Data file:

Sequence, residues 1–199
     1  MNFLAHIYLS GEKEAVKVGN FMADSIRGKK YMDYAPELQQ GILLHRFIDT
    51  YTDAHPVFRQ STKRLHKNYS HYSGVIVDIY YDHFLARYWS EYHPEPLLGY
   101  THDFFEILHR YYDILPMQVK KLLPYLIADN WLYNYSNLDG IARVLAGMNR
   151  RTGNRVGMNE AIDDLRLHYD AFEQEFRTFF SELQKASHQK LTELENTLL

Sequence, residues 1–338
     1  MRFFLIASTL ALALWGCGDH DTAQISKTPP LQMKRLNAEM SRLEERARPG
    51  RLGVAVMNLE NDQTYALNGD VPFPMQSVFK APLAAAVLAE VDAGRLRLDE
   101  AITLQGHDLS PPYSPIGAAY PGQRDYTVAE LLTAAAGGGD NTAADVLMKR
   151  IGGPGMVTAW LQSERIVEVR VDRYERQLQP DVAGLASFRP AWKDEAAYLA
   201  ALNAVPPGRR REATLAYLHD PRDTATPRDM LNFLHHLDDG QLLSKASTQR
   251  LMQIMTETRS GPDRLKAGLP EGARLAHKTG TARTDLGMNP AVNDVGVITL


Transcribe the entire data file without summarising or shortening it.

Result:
Sequence, residues 1–199
     1  MNFLAHIYLS GEKEAVKVGN FMADSIRGKK YMDYAPELQQ GILLHRFIDT
    51  YTDAHPVFRQ STKRLHKNYS HYSGVIVDIY YDHFLARYWS EYHPEPLLGY
   101  THDFFEILHR YYDILPMQVK KLLPYLIADN WLYNYSNLDG IARVLAGMNR
   151  RTGNRVGMNE AIDDLRLHYD AFEQEFRTFF SELQKASHQK LTELENTLL

Sequence, residues 1–338
     1  MRFFLIASTL ALALWGCGDH DTAQISKTPP LQMKRLNAEM SRLEERARPG
    51  RLGVAVMNLE NDQTYALNGD VPFPMQSVFK APLAAAVLAE VDAGRLRLDE
   101  AITLQGHDLS PPYSPIGAAY PGQRDYTVAE LLTAAAGGGD NTAADVLMKR
   151  IGGPGMVTAW LQSERIVEVR VDRYERQLQP DVAGLASFRP AWKDEAAYLA
   201  ALNAVPPGRR REATLAYLHD PRDTATPRDM LNFLHHLDDG QLLSKASTQR
   251  LMQIMTETRS GPDRLKAGLP EGARLAHKTG TARTDLGMNP AVNDVGVITL